The new trend for transaction printers is sheet-fed inkjet

By Elizabeth Gooding / Published:

Sponsored by Kyocera

Once upon a time, customer communications was a stable and growing market. Each time customers, in a range of regulated industries from brokerage to healthcare, completed a transaction with their service provider, various communications such as transaction confirmations, invoices, and statements were triggered for printing and mailing. Even most non-regulated businesses had some form of printed quotation, invoice or other notification to send to their customers periodically. These communications happened on a fairly regular schedule with predictable demand. Volume for this segment was so strong that customers warehoused dedicated letterhead, typically on rolls for larger companies, and toner presses overprinted on this stock. Printers didn’t even have to worry about the cost of paper. What a business!

Fast forward to today and the idea of laser printing on offset printed stocks seems somewhat quaint.  By the turn of the millennium most large transaction printing companies had adopted some variation of the Automated Document Factory (ADF) first proposed by Gartner in 1996. The production of customer communications became increasingly efficient at the same time that regulatory, economic and consumer behavioral changes combined to continue to drive down volumes. Certain documents became easier to deliver online due to easing of regulatory constraints and consumer resistance. A decade later, the majority of transaction printing volume had been converted from toner presses and was being produced using white paper on continuous feed inkjet presses1.

All of these factors have led to market consolidation as larger printing companies buy-up or price-out smaller companies to drive volumes to onto high-speed inkjet presses. There are fewer and fewer toner presses from which to convert volume and Sean Smyth predicts that by 2026, only 4% of transaction pages will be produced on toner equipment. Does this mean that transaction printing is a dead-end market for printing companies and their OEMs? Not by a longshot.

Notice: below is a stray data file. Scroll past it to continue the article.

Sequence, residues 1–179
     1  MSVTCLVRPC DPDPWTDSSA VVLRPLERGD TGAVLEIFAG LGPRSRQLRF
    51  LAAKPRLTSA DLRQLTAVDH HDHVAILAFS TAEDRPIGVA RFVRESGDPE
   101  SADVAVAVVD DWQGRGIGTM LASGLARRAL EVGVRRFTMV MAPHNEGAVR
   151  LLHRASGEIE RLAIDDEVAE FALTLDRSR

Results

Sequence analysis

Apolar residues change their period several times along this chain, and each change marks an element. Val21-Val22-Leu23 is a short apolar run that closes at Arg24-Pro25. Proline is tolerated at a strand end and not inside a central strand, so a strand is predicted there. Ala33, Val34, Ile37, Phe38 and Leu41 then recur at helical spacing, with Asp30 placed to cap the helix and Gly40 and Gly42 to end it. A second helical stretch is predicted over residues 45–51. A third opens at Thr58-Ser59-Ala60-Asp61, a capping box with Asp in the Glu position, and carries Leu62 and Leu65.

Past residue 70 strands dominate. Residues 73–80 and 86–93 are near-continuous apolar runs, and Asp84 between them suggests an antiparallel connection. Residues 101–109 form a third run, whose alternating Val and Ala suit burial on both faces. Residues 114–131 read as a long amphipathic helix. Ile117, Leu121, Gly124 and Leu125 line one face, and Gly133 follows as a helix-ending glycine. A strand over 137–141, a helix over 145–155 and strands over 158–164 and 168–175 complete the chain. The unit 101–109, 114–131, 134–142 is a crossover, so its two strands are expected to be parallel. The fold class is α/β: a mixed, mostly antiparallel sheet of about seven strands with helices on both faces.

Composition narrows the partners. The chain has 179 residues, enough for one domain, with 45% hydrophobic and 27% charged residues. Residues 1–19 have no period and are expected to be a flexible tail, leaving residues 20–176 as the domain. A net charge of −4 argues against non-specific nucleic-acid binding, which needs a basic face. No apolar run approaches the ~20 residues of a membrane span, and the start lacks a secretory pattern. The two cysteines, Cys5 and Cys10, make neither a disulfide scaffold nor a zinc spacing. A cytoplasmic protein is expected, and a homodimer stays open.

The Rise of Sheet-Fed Inkjet

The customer communications market still represents over 40 billion annual pages in the U.S. alone through at least 2026, and the annual rate of decline has slowed, according to Smithers1. That means, even by 2026, approximately 1.6 billion pages will still be viable for conversion from toner to inkjet. This volume is likely spread across thousands of smaller printing companies and in-plant operations with lower annual volumes. In 2021, Keypoint Intelligence surveyed 364 companies producing customer communications in the U.S. and Canada and found that 75% of these companies produced fewer than 10 million communications per year3. Note that the survey asked about the number of printed and mailed communications not the number of printed pages. The wide majority, 87%, produce fewer than 25 million communications per year. The needs of this smaller volume customer communications segment is driving growth in sheet-fed inkjet installations, particularly B3 format inkjet.